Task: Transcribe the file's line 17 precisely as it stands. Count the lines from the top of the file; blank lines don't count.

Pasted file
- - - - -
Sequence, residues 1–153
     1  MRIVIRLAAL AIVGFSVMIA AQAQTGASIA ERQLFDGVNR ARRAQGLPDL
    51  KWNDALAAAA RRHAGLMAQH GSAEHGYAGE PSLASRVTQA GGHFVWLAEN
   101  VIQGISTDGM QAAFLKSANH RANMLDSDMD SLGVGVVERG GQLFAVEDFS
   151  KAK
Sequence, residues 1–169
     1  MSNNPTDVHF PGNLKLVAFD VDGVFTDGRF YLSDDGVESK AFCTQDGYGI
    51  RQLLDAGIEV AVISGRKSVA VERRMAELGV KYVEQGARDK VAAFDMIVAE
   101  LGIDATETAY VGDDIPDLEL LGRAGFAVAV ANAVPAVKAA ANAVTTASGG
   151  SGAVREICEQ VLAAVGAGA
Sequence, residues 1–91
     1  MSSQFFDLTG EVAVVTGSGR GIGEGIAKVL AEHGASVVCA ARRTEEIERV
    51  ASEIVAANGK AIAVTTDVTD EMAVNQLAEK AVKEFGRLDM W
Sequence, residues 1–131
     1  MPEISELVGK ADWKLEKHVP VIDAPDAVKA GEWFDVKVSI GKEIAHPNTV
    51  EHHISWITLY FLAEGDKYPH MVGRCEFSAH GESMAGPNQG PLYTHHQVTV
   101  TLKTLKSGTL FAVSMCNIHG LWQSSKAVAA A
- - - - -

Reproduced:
   101  TLKTLKSGTL FAVSMCNIHG LWQSSKAVAA A